Supreme Court to Hear Sports Gambling Case Monday

WASHINGTON (CN) – On Monday the Supreme Court will hear a challenge to a federal gambling law that could have sweeping implications not just for sports betting but for the intersection of federal and state laws.

Christie v. NCAA is on its face a case about sports gambling. Congress passed the Professional and Amateur Sports Protection Act (PASPA) in 1992, prohibiting most states from enacting laws that legalize betting on sports. The law grandfathered in Nevada, Montana, Delaware and Oregon, all of which had already set up sports lotteries before PASPA passed.

The rest of the country had a one-year grace period in which they could pass legislation that would allow gambling on sports.

PASPA remained undisturbed for a decade.

Then, in November 2011, New Jersey voters passed an amendment to the state constitution allowing state lawmakers to enact legislation making gambling on sports legal. The Sports Wagering Act was signed into law in January 2012, allowing casinos and racetracks to take bets on college and professional sporting events.

The four major sports leagues in the country – the NFL, MLB, NBA and NHL – joined the NCAA in challenging New Jersey’s new law in federal court.

Marc Edelman, a law professor at Baruch College, Zicklin School of Business at the City University of New York, said in an interview that sports leagues have been worried about widespread sports gambling since the Black Sox scandal, in which eight players for the Chicago White Sox were accused of throwing games in the 1919 World Series as part of a gambling ring.

Defending against the suit, New Jersey argued PASPA violates the commandeering doctrine from the 10th Amendment, which holds powers not expressly given to the federal government are reserved by the states. The Supreme Court has taken that to mean the federal government cannot “commandeer” state governments to do its bidding by requiring them to pass certain laws.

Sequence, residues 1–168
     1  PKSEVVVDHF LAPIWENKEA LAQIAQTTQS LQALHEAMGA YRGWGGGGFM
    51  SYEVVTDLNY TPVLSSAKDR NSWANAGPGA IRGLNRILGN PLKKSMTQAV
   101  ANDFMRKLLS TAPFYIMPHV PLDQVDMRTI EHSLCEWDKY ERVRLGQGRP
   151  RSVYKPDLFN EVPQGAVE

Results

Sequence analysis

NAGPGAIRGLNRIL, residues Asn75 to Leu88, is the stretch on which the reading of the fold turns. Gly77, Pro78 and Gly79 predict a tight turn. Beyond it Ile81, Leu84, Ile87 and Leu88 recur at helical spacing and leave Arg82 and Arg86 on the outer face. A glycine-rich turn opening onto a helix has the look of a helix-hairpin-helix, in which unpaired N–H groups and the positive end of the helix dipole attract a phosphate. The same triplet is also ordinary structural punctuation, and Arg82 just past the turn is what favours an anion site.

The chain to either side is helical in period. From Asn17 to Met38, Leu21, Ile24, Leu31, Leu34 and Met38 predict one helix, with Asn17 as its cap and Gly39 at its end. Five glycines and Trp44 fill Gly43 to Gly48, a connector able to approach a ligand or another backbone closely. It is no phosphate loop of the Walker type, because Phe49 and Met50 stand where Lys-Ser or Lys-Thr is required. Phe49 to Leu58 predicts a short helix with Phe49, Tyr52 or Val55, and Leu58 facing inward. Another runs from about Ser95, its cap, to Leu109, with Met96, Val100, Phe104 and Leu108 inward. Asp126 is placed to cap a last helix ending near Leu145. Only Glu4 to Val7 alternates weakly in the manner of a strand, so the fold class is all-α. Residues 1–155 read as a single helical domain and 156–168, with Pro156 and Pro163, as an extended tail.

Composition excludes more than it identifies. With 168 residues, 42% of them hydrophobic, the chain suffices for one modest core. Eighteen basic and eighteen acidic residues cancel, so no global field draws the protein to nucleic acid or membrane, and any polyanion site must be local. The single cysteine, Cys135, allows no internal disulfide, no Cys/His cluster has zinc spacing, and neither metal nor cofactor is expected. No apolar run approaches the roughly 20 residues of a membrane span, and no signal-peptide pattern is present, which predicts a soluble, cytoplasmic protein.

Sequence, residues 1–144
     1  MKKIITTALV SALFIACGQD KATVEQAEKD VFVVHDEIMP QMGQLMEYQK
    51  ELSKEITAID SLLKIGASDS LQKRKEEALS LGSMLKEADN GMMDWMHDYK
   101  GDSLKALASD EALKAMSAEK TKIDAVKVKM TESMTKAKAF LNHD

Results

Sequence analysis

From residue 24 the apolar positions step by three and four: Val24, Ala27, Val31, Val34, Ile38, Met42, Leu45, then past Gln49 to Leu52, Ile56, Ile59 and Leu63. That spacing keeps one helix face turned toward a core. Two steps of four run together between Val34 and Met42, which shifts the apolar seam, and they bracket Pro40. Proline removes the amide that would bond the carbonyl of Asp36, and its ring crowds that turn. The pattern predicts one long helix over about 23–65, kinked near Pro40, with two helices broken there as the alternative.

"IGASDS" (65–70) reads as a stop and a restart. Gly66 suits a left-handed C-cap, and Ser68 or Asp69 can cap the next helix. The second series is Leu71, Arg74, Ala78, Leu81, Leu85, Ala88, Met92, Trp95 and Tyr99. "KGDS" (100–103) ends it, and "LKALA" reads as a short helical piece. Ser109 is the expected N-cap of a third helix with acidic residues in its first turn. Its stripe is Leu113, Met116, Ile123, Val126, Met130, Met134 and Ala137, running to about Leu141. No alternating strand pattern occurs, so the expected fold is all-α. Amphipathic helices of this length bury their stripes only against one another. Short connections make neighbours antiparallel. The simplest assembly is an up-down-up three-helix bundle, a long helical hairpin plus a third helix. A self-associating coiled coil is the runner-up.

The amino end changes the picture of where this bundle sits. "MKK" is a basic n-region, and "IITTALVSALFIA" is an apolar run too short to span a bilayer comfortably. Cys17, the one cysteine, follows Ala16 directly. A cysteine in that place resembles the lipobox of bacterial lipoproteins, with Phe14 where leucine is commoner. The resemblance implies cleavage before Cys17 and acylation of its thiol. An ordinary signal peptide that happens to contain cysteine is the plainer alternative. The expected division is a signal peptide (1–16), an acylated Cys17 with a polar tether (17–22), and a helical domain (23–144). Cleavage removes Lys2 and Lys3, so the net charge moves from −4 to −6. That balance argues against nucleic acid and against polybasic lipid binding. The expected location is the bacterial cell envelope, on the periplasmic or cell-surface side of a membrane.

“The federal government cannot force a state legislature to pass certain legislation, nor can the federal government force a state executive branch to implement its own federal laws,” Caroline Mala Corbin, a professor at the University of Miami School of Law, said in an interview.

Outside of state sovereignty issues, commandeering interferes with legislative accountability – voters might end up punishing state legislators at the ballot box for a law Congress made them pass, Corbin explained.

“The government is held accountable by the voters because they vote people out of office when they pass laws they don’t like,” Corbin said. “But if the federal government is ordering the government to pass a regime, it will not be clear to voters who they should be holding accountable for that regime.”

In the first round of litigation, federal court in the District of New Jersey disagreed with the state’s commandeering argument. On appeal, the Third Circuit upheld the decision, saying PASPA did not require New Jersey to pass a law or take a specific action, but rather prohibited the state from handing out gambling licenses.

So New Jersey’s legislature went back to work, looking for a way to pass a law that would put into action the voters’ referendum while still obeying the federal appeals court’s decision.

In 2014, the legislature decided that instead of passing a law allowing for the licensing of casinos and racetracks, it would repeal the laws requiring casinos and racetracks to be licensed to accept sports bets.

“Sports wagering by adults at those locations would be as legal as buying a cup of coffee at Starbucks,” the state’s brief before the Supreme Court states. “New Jersey would regard it as a private transaction subject only to generally applicable state and federal laws.”

That set off the current round of litigation. The leagues again sued and the federal district court and the Third Circuit enjoined New Jersey’s law, saying it, too, violated PASPA. New Jersey appealed to the Supreme Court, where it argues that by prohibiting states from repealing laws already on their books, PASPA commandeers state governments.